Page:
Meet the Dotfiles

For a long time I was amazed by UNIX like systems (MacOS and Ubuntu LInux are the ones I am most familiar with). There’s something about this feeling of control that I get when I see the lines of text in the terminal window… Although there was a part that confused a shit out of me – the configuration part, with its .bashrc, .zshrc, .bash_profile and other similar files. Basically every install I had to perform asked me to add a line to my “.%something%rc” file, like this one:

export PATH=$PATH:/path/to/folder/with/binaries

Every time I got confused what gets where and why should I put it there…

Today I was reading this post about the whole VIM setup and configuration (wanna learn that beast) and found that people often refer to those files as “dotfiles” (due to the dot at the front). Apparently it looks like its a pretty common practice to gather all those config files (for bash, zsh, vim, aliases, etc.) and manage them in a separate directory using Git or other version control system.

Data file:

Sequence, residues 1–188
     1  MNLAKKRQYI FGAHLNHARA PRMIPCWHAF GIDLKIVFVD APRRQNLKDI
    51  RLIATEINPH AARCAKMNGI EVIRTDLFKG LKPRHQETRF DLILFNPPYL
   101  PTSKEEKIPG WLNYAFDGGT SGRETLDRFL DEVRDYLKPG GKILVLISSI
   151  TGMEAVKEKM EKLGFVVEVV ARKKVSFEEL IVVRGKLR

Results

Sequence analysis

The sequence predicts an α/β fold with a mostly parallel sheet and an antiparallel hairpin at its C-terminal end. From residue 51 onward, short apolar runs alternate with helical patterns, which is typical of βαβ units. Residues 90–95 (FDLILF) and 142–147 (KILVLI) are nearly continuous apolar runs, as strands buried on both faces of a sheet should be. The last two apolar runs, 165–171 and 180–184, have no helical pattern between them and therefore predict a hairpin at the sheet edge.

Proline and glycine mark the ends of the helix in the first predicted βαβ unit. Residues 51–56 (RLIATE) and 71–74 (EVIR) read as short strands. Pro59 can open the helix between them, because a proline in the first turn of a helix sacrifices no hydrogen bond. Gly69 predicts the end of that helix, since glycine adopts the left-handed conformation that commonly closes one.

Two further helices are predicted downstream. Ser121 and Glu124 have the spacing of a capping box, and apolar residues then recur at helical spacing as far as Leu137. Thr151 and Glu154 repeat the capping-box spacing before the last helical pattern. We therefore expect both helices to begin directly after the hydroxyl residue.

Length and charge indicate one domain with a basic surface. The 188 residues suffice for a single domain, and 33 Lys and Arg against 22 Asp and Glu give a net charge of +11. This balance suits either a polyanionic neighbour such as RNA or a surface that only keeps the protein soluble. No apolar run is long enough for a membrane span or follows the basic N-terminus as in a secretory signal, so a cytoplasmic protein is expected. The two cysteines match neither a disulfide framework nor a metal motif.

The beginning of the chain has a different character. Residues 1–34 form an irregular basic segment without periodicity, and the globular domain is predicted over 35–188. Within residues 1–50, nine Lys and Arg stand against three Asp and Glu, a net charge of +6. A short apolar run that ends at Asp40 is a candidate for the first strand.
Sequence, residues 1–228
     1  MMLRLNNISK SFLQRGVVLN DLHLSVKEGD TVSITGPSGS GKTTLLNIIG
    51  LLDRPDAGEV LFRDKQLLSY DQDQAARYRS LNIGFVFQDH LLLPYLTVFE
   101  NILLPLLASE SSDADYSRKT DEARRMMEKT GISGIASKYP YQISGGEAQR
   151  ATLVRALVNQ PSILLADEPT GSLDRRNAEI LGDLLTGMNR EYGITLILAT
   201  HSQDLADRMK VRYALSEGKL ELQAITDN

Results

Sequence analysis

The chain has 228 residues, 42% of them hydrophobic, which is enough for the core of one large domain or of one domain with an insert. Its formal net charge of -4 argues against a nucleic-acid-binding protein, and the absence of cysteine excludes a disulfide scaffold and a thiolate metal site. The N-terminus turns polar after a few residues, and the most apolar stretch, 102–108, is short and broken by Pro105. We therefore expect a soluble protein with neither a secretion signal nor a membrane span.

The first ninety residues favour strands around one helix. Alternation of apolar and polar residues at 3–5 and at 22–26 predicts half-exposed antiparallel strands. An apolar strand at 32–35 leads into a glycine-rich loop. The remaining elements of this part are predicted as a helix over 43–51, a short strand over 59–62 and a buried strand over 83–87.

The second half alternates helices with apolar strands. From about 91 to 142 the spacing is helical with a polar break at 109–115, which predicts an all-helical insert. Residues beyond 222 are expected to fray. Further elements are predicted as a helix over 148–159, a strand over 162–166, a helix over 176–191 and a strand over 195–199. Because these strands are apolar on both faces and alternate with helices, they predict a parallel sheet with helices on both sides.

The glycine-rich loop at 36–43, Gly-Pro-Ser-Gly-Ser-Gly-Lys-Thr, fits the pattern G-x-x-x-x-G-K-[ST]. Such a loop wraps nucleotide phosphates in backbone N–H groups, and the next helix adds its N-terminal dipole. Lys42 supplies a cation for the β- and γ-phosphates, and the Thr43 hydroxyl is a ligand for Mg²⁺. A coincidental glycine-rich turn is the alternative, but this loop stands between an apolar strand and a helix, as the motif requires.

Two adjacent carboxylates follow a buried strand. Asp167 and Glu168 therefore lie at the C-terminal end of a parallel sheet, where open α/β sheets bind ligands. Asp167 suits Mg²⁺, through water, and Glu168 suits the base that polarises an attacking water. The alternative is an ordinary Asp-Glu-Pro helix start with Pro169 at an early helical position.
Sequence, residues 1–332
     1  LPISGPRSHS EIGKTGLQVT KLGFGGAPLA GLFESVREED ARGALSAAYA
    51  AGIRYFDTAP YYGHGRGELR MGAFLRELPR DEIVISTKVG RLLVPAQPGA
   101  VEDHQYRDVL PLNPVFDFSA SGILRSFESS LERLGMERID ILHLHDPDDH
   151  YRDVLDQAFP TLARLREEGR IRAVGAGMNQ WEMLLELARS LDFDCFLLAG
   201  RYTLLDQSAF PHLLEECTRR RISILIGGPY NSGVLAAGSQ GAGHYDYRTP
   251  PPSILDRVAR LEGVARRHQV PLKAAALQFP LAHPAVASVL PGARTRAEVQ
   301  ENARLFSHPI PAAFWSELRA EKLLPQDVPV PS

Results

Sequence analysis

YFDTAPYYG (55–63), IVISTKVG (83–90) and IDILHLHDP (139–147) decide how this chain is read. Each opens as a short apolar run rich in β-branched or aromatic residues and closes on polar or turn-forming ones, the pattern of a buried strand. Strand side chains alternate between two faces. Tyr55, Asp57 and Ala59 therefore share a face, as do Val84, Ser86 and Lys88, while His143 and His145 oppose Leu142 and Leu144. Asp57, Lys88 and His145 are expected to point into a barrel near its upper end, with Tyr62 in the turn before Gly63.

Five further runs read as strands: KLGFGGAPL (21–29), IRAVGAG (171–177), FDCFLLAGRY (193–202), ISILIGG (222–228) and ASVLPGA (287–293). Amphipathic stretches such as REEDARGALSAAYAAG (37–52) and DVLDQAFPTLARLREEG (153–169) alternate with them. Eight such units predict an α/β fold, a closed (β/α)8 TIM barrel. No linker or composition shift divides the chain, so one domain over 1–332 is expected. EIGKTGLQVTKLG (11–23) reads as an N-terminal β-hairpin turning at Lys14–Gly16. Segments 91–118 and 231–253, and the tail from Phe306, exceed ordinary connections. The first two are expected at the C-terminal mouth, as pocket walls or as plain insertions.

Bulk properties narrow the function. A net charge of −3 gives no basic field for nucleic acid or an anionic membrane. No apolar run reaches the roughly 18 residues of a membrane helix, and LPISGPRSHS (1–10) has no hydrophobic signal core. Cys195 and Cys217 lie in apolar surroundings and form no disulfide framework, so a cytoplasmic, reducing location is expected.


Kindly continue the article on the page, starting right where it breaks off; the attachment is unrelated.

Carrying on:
By digging deeper I found interesting tutorial that described all the variety of possible dotfiles and gave links to github repositories with dotfile configurations of famous people (e.g. Paul Irish).

Here I also found an example of basic installation script, which backups old dotfiles and creates symlinks to the files in the dotfile/ directory. This looks like super helpful thingy after for configuring freshly-installed systems.

Anyway, the topic seems pretty interesting, so I am going to do more research into the topic and come up with my own (pretty basic for starters) set of configurations.


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